Shitty First Software Drafts

May 2015

Writing is known for shitty first drafts. To arrive at the final piece it undergoes a transformation from loose and undefined to something concise that clearly communicates an idea. The best writing is written multiple times from a blank slate: from shitty to good, from good to great, from great to terrific. Creative individuals such as painters, writers, composers, choreographers, .. are all notorious for throwing away pieces of work that just “don’t have it” and start over until they capture the essence. Software is blessed and cursed by the fact that it either works, or it doesn’t work. The tests pass, or they don’t pass. Other creative disciplines, are blessed and cursed by the fact that completeness is vague. It’s tempting to get away with ‘good enough’ code, just enough to make the machine do what we need it to. However, unlike other creative work code is not just for interpretation by humans, but also for computers. In “Bird by Bird” Anne Lamott describes how her fiction writing starts and ends with the characters. Through writing, much of which is thrown away, she discovers the them and their personality. Once she’s finally gotten to know them, the story can unfold. The same thing happens when solving a software problem as we explore the problem domain by writing code: we build classes and observe the relationships between them, think about different layers to solve the problem at and look for problems in a design. Will it scale? What if this fails? Can I make it easier for someone else to understand this? But all too often we don’t exploit the knowledge we acquire as we work on a problem by taking a step back with everything new we’ve learned about the problem to start with a clean slate and attempt to solve the problem again. And then again. We simply stick with the first thing that works, because we can often get away with it. You can observe the best developers go through the same self-loathing creative process as writers: rigorous refactoring until the problem and solution is expressed in the simplest possible way. This solution doesn’t just have fewer bugs, is easier to maintain and review, but also serves as an excellent mental model for the next person who has to touch the code. A half-arsed solution will damage their understanding of the problem and solution, leading to more cruft as the misunderstandings stack in the code. This means the code can organically evolve from a simple foundation.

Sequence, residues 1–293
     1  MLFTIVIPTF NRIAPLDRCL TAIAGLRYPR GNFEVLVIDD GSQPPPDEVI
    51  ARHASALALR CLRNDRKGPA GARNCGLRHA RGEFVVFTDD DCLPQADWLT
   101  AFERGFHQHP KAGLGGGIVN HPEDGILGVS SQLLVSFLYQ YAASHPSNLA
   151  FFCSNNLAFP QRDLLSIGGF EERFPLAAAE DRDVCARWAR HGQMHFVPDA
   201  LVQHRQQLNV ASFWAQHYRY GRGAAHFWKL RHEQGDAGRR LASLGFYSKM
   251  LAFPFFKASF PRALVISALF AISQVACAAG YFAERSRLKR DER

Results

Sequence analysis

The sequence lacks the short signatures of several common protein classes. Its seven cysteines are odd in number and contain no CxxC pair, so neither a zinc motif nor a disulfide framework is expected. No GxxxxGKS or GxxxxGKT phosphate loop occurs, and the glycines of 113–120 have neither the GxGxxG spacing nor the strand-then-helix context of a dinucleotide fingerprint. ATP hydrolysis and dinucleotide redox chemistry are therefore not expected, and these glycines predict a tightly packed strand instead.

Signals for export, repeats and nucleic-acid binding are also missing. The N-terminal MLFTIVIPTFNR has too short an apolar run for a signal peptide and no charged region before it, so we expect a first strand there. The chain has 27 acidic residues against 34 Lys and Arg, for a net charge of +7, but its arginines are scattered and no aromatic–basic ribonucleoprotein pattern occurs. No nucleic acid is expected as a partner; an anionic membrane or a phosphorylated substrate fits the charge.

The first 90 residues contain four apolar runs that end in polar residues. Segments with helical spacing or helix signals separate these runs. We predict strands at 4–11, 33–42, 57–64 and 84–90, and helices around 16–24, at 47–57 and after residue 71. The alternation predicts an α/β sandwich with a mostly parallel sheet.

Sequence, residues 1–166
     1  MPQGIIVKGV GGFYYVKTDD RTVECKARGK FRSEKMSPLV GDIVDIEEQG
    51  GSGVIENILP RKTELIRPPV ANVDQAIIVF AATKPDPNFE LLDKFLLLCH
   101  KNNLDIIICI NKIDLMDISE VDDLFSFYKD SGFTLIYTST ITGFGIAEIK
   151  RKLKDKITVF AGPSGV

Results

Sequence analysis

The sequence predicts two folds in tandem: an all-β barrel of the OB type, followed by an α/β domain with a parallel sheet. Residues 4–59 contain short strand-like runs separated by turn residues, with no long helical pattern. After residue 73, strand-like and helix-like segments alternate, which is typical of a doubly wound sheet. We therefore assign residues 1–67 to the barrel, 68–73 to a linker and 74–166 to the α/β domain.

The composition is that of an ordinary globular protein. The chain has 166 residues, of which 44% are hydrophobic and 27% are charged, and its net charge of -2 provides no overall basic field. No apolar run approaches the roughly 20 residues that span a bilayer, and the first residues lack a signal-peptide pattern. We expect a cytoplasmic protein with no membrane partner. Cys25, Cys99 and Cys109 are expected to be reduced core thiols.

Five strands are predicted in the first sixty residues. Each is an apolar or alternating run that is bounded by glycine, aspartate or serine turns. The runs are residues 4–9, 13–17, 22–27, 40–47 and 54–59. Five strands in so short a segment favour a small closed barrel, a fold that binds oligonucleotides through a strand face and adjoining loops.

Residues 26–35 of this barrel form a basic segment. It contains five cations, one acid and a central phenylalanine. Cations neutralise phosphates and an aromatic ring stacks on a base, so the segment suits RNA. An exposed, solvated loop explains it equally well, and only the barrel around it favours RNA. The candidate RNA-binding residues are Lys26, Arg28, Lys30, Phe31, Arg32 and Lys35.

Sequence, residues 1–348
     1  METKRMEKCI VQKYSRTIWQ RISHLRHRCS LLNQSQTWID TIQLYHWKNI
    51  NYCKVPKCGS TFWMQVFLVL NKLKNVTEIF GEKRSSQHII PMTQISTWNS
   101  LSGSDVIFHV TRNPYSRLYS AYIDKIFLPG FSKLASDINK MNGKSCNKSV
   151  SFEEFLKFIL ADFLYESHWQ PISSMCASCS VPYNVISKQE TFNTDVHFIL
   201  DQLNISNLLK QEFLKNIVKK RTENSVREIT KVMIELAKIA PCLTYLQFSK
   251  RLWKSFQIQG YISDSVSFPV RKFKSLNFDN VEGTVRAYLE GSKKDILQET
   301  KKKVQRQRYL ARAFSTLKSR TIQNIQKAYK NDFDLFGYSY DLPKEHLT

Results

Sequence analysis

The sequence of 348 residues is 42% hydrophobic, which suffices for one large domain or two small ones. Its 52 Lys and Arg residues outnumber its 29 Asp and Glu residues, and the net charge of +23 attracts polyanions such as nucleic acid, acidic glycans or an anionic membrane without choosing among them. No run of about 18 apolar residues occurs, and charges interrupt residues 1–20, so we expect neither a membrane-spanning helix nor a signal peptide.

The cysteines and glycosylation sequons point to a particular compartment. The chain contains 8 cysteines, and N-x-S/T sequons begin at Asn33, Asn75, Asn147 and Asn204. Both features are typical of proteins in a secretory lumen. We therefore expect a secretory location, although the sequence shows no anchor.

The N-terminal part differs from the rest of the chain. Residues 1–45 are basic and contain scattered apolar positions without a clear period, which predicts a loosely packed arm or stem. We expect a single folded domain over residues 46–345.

Use git reset HEAD —hard, and use it often.

You should follow me on Twitter here.